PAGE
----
Single Year Model: 1965 Rambler Marlin

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It is widely acknowledged that Ford created the Personal Luxury Car segment with its Thunderbird, and by the 1960s, other manufacturers realized that it could be a tidy little money earner. AMC joined the party in 1965 with its Marlin, but that was the only year the car ever wore the Rambler badge. Our feature car is from that first production year, and its overall condition is tidy. It has a few shortcomings that could challenge the buyer, but most enthusiasts don’t mind tackling such issues. It is listed for sale here on eBay in Cypress, Texas. Bidding sits beyond the reserve at $12,900, meaning a new home is only days away for this classic.

AMC developed the Marlin as a sporty fastback Personal Luxury Car, handing the design brief to the legendary Dick Teague. Many hail the car as his most successful, with swooping lines and an appearance that literally defined the C-pillar. This car presents exceptionally well in Rampart Red with Frost White stripes and Rally wheels. This combination is striking and would undoubtedly attract attention wherever the car goes. The panels are straight, the paint is excellent, and there is no evidence of rust. The gaps are tight and consistent, while the tinted glass is flawless. With the chrome and trim glistening under the sun, there’s little to criticize about this Marlin’s external condition and appearance.

Although buyers could order a Marlin with a respectable six under the hood, AMC knew that perception and acceptance would hinge on buyers having a V8 at their disposal. This belief proved correct, with less than 20% of buyers choosing the 232ci six in 1965. This car features the 327ci V8 that sends 270hp and an impressive 380 ft/lbs of torque to the road via a three-speed automatic transmission. The original owner accentuated the effortless driving experience by selecting power assistance for the steering and brakes. The Marlin is a genuine surprise package, especially compared to cars like the Ford Thunderbird and entry-level Buick Riviera. The Marlin needed a mere 15.7 seconds to cover the ¼-mile. The same journey took 15.9 seconds in the Riviera, while the Thunderbird languished on 16.7 seconds. So, as a performance/luxury combination, AMC should have been on a winner with this classic. It is unclear whether our feature car is numbers-matching, but the seller assures us it is in excellent mechanical health. It starts easily, running and driving perfectly. It appears it is a turnkey proposition for its new owner.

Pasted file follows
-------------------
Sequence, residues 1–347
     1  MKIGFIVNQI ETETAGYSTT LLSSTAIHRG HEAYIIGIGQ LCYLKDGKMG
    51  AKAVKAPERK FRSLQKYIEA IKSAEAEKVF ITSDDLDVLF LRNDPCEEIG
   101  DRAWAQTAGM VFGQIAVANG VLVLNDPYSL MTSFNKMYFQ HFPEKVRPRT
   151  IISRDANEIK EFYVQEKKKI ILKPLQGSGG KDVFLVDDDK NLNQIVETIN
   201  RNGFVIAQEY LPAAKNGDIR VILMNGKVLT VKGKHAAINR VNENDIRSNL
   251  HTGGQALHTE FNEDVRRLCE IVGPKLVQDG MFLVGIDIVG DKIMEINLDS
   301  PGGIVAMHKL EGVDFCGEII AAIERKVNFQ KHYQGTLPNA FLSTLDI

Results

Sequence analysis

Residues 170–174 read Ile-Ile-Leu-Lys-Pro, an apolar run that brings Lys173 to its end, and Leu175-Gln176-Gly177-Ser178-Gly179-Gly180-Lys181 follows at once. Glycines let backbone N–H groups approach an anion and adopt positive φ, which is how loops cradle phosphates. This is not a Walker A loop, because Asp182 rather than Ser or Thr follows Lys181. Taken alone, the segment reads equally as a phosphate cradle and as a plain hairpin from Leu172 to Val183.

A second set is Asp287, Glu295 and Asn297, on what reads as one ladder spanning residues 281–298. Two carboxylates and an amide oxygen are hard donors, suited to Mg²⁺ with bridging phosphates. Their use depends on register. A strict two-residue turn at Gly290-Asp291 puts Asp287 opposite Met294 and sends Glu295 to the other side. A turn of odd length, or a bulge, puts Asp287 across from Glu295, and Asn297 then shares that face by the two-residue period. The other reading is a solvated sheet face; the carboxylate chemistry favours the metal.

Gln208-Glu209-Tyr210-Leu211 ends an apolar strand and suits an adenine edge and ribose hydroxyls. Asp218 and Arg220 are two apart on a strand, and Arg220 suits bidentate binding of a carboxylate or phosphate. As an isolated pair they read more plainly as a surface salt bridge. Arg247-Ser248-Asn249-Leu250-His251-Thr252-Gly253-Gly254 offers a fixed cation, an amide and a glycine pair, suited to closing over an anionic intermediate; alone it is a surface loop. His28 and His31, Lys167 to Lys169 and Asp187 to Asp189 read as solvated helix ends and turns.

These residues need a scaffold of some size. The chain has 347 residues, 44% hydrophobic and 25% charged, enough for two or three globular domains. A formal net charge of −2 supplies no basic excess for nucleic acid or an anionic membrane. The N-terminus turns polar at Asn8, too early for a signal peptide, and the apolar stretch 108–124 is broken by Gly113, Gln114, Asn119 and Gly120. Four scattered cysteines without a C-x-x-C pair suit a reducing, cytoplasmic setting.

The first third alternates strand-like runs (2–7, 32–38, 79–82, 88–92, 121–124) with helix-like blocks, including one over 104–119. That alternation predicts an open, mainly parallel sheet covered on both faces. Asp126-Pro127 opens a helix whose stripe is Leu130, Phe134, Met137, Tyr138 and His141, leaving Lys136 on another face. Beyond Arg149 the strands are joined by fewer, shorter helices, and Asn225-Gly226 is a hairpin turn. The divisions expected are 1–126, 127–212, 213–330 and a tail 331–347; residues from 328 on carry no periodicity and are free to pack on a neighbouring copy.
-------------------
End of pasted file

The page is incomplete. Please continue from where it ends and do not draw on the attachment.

I’m disappointed with the Marlin’s interior condition because it lags behind the exterior. The driver’s seat has a visible hole, while the back seat base is pretty shredded. Locating replacement covers could be challenging, but several companies produce the correct material on the roll. The winning bidder could purchase the required amount and hand everything to an upholsterer. They could use the existing covers as templates to create replacements. The remaining upholstered surfaces are acceptable for a survivor, as are the dash and pad. Someone added a few gauges under the dash, but I can’t spot any other aftermarket items. The seller indicates the air conditioning requires conversion to freon. However, there are no further identified faults.

Public perception can mean the difference between success and failure in the car industry. AMC released the 1965 Marlin wearing the Rambler badge. However, those in the company’s upper echelon worried about how the buying public would receive such a vehicle wearing a badge that had become a byword for basic and affordable motoring. Therefore, AMC removed the badge, and 1965 was the only year the car was known as the Rambler Marlin. Sadly, the strategy failed, with Marlin sales falling from 10,327 in 1965 to 4,547 in 1966. The slide continued in 1967 to 2,545, and AMC canceled production of another model that showed enormous promise but failed to deliver in the showroom. How many survive today is unclear, but like many American Motors products, they are an almost hidden secret within the classic world. Values haven’t climbed significantly recently, and the bidding on this one probably won’t exceed $15,000. That makes it relatively affordable, but is it enough to tempt you to pursue it further?

Auctions Ending Soon